Photo gallery

Locomotive 1070 leaves Blue Canyon and crosses Lake Whatcom on a unique curved  trestle with a trainload of summer passengers.  This was the Bellingham Branch of the Northern Pacific Railway before it was purchased by the Lake Whatcom Railway.

The train waits at Park, Washington, for the day's filming of the award winning motion picture, The Grey Fox, starring Richard Farnsworth and Jackie Burroughs.  Many locals and Bellingham residents responded to casting calls as extras to appear in a major motion picture.  

Conductor Ryan greets passengers on a Santa Train.  The coach in which these passengers are riding not only carried the markers as the last coach on the last steam powered passenger train on the Northern Pacific Railway, but is also the only 88 seat  600 series Northern Pacific passenger coach to survive.  It has been in operation continuously since it was built in 1912.

In 1988 1070 switches freight on the Burlington Northern main tracks in Acme.  Prior to this day, the Burlington Northern did not allow steam locomotives on their own wheels on their tracks.  This event changed the minds of railroad management about the steam locomotive policy system wide, and led to steam powered excursions at the Wenatchee Centennial Winter Games the following year.

A handcar used by track crews of long ago is taken for a spin by railroad patrons at the Blue Canyon picnic area.  This type of transportation gave way to "speeders", the railroad name for gasoline powered motor cars, which in turn gave way to high rail trucks, which are trucks that have flanged wheels for rails and rubber tires for roads so they could operate on either.

The Lake Whatcom Railway operates the last remaining heavyweight coffee shop coach from the Northern Pacific Railway.  In addition to soda pop, coffee and snacks, the car also offers unique memorabilia and souvenirs.  This car was configured for use on the transcontinental Mainstreeter serving the Spokane-Seattle section of the route, and was also used on  Casey Jones Excursion trains.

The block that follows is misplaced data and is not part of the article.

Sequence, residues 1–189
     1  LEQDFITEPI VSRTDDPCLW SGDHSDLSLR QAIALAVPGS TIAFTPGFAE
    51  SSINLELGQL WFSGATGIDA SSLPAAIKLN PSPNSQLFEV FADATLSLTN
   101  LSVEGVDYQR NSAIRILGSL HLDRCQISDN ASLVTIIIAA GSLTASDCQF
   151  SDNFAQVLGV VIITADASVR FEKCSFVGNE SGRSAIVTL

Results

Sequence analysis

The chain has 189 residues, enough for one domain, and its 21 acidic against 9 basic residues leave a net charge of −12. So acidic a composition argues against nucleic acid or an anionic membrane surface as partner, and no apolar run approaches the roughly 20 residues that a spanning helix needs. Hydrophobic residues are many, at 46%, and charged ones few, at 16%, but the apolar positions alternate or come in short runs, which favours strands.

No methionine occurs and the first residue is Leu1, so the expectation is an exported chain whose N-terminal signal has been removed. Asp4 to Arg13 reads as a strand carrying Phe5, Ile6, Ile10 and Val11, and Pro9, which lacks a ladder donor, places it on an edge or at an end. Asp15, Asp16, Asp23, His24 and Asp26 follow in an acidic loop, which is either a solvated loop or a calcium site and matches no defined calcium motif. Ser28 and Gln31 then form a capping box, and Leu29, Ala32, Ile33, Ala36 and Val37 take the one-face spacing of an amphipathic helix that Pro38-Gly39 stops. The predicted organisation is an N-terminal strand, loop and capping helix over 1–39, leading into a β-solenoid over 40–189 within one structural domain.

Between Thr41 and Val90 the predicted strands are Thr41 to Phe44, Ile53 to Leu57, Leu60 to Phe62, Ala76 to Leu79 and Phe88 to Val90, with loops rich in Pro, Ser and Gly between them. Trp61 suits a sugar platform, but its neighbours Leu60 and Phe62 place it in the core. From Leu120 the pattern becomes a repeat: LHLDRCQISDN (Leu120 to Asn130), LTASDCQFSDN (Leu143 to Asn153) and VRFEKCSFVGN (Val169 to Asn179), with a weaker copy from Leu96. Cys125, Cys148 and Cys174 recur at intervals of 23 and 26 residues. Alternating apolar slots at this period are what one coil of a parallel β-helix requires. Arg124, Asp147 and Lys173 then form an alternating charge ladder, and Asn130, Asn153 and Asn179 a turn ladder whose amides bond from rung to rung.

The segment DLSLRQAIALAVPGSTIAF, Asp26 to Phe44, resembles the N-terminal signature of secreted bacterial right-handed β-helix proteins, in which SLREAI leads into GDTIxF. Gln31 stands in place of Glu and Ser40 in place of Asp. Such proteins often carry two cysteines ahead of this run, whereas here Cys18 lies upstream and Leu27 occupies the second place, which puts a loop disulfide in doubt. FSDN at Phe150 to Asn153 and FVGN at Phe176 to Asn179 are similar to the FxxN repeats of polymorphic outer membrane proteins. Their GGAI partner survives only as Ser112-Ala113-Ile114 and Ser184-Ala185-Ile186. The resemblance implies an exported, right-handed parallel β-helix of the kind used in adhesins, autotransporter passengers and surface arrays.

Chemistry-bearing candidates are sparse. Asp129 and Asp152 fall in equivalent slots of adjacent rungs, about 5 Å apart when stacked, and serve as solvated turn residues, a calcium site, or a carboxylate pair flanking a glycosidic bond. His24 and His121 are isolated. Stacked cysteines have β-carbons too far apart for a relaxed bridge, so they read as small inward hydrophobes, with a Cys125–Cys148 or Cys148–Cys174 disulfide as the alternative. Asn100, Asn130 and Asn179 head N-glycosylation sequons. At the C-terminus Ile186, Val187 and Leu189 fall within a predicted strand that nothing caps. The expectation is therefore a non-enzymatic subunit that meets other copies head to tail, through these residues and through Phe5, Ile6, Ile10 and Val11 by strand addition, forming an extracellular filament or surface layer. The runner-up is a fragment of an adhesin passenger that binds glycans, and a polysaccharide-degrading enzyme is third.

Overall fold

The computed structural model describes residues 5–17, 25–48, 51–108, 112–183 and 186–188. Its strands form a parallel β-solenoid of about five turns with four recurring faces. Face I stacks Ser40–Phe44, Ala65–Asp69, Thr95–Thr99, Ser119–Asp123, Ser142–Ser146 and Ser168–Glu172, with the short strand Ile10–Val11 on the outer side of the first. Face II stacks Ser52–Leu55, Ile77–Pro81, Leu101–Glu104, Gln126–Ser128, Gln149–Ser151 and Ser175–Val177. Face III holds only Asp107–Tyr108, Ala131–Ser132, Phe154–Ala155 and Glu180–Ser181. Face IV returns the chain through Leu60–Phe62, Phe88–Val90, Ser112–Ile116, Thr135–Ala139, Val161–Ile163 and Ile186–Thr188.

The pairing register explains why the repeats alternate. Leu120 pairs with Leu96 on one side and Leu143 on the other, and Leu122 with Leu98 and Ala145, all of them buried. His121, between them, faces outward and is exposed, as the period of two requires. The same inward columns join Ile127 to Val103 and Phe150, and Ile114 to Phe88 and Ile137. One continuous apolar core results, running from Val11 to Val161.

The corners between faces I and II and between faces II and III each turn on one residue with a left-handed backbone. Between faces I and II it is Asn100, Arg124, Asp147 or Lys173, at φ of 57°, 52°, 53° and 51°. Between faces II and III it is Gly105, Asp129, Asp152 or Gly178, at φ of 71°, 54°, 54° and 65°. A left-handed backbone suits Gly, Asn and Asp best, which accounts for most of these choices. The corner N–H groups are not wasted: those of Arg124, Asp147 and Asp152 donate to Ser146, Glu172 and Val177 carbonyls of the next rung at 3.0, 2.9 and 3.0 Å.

A historic photo of 1070 kicking cars in the yard at Aberdeen, Washington on August 12, 1955.  Six months later 1070 would turn the last scheduled Northern Pacific passenger train to Hoquiam for its return trip to Seattle, beginning a series of events that initiated the Casey Jones Excursions and led to its own preservation, along with several passenger cars used on those excursions.

Youngsters learn the ins and outs of operating an early model diesel locomotive while mom and dad are busy snapping pictures.

The Lake Whatcom Railway has the largest fleet of diverse but representative steam era passenger cars of the Northern Pacific Railway anywhere.

The turntable from the roundhouse of the Chicago, Milwaukee St. Paul and Pacific Railroad in Bellingham is loaded on a railroad flatcar for shipment to the Lake Whatcom Railway.  The sandhouse for the Milwaukee Road is just behind the turntable and the Georgia Pacific lumber mill is past the sandhouse over the hill.  The turntable was purchased for eventually turning the Lake Whatcom Railway locomotives at the Bellingham end.

Conductor Louie Woodworth gives the highball signal to the engineer after shouting the familiar "All aboard" to inform the passengers of the impending departure.  Not only are the physical features of the Northern Pacific Railway such as locomotives and passenger cars preserved, but also the particular mannerisms and unique human element of that railway.  Make it a point to visit with the conductor and brakemen when you ride and learn the story of the Northern Pacific.

Northern Pacific 1070 worked for the Northern Pacific Railway for 51 years.  The last steam locomotive retired from regular service by the Northern Pacific, 1070 was acquired when Frank was 18 and Bob was 15.  1070 proved itself a reliable workhorse by operating in every decade of the 20th century.  The brothers and their crews operate a railroad that features a complete passenger train of cars that all saw service on the transcontinental Northern Pacific "Mainstreeter", and purchased a railroad branch line from the Burlington Northern between Wickersham in the Samish Valley and Blue Canyon aside Lake Whatcom.  It has been highlighted in television shows internationally, and was engaged for a major award winning motion picture "The Grey Fox", a biography of the gentleman stage coach robber Bill Miner, who was released from prison after the stagecoach era had already ended.  The locomotive and cars were generally acquired as they were retired from the Northern Pacific and maintained in operating condition just as they were when they ran on the Northern Pacific, with original furnishings and upholstery.  Join the experience of riding trains as they were in the 1940s and 1950s, the last hurrah of this era of travel.